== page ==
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Author: David Bosco
Date: Apr. 2017
From: American Journal of International Law(Vol. 111, Issue 2)
Publisher: Cambridge University Press
Document Type: Article
Length: 10,348 words

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In November 2016, the Office of the Prosecutor (OTP) at the International Criminal Court (ICC) produced an extensive report documenting the status of ten "preliminary examinations" it is conducting. These examinations cover situations in which crimes under the jurisdiction of the Court may have been committed but the prosecutor has not yet decided to open a full investigation. (1) The OTP's reporting practice has shed additional light on a process that has been opaque for much of the Court's existence and that has attracted relatively limited scholarly and specialist attention. (2)

More regular and detailed OTP reporting, and information from other sources, makes closer consideration of the preliminary examination phase possible. Even if speculative in certain respects, this analysis is important given the attention and criticism that the ICC's process of selecting situations for full investigation has attracted. The Court's focus on African conflicts, in particular, has provoked tension between the Court and several African leaders and apparently contributed to several African states' withdrawal from the Rome Statute (the Statute). (3) Understanding the Court's situation-selection process requires greater scrutiny of the preliminary examination phase.

This article focuses on a particular aspect of the ICC's preliminary examinations: the distinction between examinations conducted on the prosecutor's own initiative (proprio motu) and those conducted as a result of member state or United Nations Security Council referral. The OTP has insisted that it conducts the same type of preliminary examination regardless of the way in which Court involvement was triggered. I argue that the prosecutor has, in practice, developed two quite different processes. For member state and Security Council referrals, the prosecutor conducts a review tilted sharply toward opening a full investigation. In proprio motu situations, the presumption appears to be reversed. This bifurcation has important implications for the Court's docket and, ultimately, for its independence. The ICC statute is an elaborate compromise between the prerogatives of states and the interests of justice, and the apparent deference given to state and Security Council referrals provides important perspective on how the prosecutor is striking that balance. The divergence between the OTP's stated policy and its record also sheds light on how the prosecutor's office is navigating the myriad pressures it faces.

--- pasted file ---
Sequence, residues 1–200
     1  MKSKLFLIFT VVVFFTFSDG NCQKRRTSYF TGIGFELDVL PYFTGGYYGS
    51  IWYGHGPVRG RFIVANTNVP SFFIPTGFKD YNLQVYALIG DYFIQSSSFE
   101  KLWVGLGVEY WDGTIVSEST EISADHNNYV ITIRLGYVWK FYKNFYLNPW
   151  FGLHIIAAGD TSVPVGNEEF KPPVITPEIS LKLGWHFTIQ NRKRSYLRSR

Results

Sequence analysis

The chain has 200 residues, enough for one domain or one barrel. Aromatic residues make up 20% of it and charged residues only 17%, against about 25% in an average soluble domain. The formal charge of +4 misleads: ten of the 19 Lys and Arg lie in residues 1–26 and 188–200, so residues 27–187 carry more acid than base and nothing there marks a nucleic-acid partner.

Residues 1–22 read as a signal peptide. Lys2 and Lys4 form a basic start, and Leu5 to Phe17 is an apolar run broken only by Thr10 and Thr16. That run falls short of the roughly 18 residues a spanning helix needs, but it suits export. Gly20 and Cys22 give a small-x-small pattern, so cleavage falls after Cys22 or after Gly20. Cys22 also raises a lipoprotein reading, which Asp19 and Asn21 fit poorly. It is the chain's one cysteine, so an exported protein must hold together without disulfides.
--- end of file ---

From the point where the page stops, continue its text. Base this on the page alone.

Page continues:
Most international courts and adjudicative bodies reserve for member states the power to initiate court action. The International Court of Justice, the World Trade Organization's dispute settlement system, and the Law of the Sea Tribunal, for example, all require that member states affirmatively trigger adjudication. (4) By contrast, the Rome Statute "vests the power to investigate and prosecute the politically sensitive crimes within its broad territorial sweep in a single individual, its independent prosecutor." (5) The ICC prosecutor's responsibility to select investigations from a range of situations places her in a very different position from most international judicial officials--but also from the prosecutors of other international criminal tribunals. The instruments that created those tribunals, including for the former Yugoslavia and Rwanda, defined the territorial and temporal boundaries within which...

Source Citation

Source Citation
Bosco, David. "DISCRETION AND STATE INFLUENCE AT THE INTERNATIONAL CRIMINAL COURT: THE PROSECUTOR'S PRELIMINARY EXAMINATIONS." American Journal of International Law, vol. 111, no. 2, Apr. 2017, pp. 395+. Accessed 22 Sept. 2021.

Gale Document Number: GALE|A509365241